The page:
When a divorce settlement moves property (typically, your house and part of his or her 401-K) from one spouse to another, the recipient doesn’t pay tax on that transfer. That’s the good news.

But it’s important to remember that the property’s tax basis moves with the property. If you get the house, you also get its basis. This means that when you sell the property you get to subtract how much you “paid” for the property from the sale price. The “how much you paid for it” part is called the “basis.”

So, if you get property from your ex in the divorce and later sell it, you will pay capital gains tax on all the appreciation before as well as after the transfer. (“Appreciation” means how much it’s gone up in value.)

That’s why, when you’re splitting up property, you need to consider the tax basis as well as the value of the property. A $100,000 bank account is worth more to you than a $100,000 stock portfolio that has a basis of $50,000. There’s no tax on the former, but when you sell the stock, you will owe tax on the $50,000 profit.

If your divorce lawyer isn’t familiar with how this all works, ask him or her to consult for an hour with a qualified tax lawyer to get the low-down.

Defective Marriages

Monday, March 18th, 2013

Maryland does not favor annulments and the courts believe that marriages should be preserved whenever possible.  However, certain marriages are defective from the beginning.

Void marriages include bigamous marriages and those between close relatives.

Voidable marriages are those that fail under contract law but can be made valid by the court.  For example, marriage to a minor is not legal, but the marriage might be ratified by the court when the minor reaches the age of majority.

Celebrity Divorce News

Thursday, March 14th, 2013

In an interview with Opra Winfrey, Cindy Crawford, says the age difference doomed the break up of her marriage to Richard Gere.  The supermodel was 22 and the actor was 37 when they wed.

Reality television star, Kim Kardashian’s divorce from basketball star, Kris Humphries, continues to grind along.  Humphries is trying to prove the marriage was a fraud.  Last month producer Russell Jay, said at his deposition that some of the televison show scenes with Humphries were scripted, reshot or edited, including the marriage proposal.

You Call This Concise?

Wednesday, March 13th, 2013

After receiving a 143 paragraph petition, I had to check the rules again for Form of Pleadings. Maryland Rule 2-303(b) says:

Each averment of a pleading shall be simple, concise, and direct. No technical forms of pleadings are required. A pleading shall contain only such statements of fact as may be necessary to show the pleader’s entitlement to relief or ground of defense. It shall not include argument, unnecessary recitals of law, evidence, or documents or any immaterial, impertinent, or scandalous material.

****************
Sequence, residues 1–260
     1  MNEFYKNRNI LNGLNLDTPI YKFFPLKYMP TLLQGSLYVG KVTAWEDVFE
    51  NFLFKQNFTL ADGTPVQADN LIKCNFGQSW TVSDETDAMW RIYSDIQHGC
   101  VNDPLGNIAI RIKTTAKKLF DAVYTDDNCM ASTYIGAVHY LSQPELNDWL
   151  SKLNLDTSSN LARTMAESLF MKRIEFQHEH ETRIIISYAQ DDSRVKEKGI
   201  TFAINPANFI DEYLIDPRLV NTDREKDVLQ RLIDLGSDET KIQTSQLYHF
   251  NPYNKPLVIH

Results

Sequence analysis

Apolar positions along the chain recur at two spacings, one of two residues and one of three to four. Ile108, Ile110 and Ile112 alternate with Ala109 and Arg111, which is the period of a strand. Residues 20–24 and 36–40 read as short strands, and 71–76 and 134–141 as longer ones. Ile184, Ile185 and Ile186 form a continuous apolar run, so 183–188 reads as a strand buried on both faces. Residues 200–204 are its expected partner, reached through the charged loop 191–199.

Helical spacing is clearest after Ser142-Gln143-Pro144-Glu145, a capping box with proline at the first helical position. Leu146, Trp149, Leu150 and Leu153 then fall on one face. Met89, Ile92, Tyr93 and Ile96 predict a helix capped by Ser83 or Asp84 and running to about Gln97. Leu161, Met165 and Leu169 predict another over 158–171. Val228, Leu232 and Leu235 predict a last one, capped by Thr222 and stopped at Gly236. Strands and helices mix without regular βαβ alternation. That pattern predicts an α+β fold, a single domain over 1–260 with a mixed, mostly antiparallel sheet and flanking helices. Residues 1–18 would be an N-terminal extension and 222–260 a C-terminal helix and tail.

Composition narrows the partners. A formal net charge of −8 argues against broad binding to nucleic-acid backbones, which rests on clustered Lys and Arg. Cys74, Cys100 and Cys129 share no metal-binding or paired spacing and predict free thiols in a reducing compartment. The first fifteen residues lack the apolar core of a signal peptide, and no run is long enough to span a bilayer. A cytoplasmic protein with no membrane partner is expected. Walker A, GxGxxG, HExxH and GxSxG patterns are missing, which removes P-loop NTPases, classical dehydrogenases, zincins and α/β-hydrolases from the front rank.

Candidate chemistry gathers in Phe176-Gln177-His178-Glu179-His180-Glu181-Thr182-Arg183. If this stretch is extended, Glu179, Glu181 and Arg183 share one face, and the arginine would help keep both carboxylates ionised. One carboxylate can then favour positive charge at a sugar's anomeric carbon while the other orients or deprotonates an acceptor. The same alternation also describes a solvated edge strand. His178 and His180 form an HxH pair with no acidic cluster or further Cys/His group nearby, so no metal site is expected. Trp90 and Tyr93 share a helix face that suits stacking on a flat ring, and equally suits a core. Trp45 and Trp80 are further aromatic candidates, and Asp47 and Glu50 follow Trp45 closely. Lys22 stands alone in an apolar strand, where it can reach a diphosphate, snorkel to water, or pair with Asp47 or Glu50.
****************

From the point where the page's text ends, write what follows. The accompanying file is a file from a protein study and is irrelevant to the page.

That’s what I thought it said.

NY Court Throws Out Prenup

Tuesday, March 12th, 2013

Elizabeth Petrakis claimed that her husband, Peter Petrakis, who controls $20 million in real estate, fraudulently induced her to sign a prenuptial agreement four days before the wedding.

Elizabeth said that Peter threatened to call off the wedding if she didn’t sign. Her dad had already paid $40,000 for a reception and she said she felt coerced into signing against her will.

She also told the court that Peter had promised he would tear up the prenup once they had children. They had three. Peter denied that he made any such promise.

The Brooklyn Appellate Court apparently did not believe Peter and they threw out the prenup. The divorce will proceed without it.

The lesson to be learned from this case is sign your prenup long before the wedding if you want it to hold up in court.

The Perils of Divorce Over 50

Monday, March 4th, 2013

As the baby boomer population reaches retirement age, divorces are doubling.  Call it a second midlife crisis.  Whatever the cause, it can throw a monkey wrench into the best laid retirement plans.  Divorce is not a planned financial event.

The pension plan that was going to fund vacations and travel for two people may be split in half in a divorce.  Now it must pay for two vacations, two dwellings, two cars and so forth.  It may cost as much as 50% more for two people to live separately as it does to live together as a couple.  Also, if one person gets sick, they may have to hire a caregiver.

None of the solutions are attractive.  You can delay retirement, save more or reduce your life style.  If you divorce in your 20s or 30s, you have time to recover your losses.  It is not as easy if you divorce at 60 or 65.

Marriage Certificate Will Not Be Required for Divorce

Friday, March 1st, 2013

The court in Montgomery County, Maryland, will no longer require the parties to submit their marriage certificate in order to obtain a divorce.  This brings our procedure in line with other counties in the state.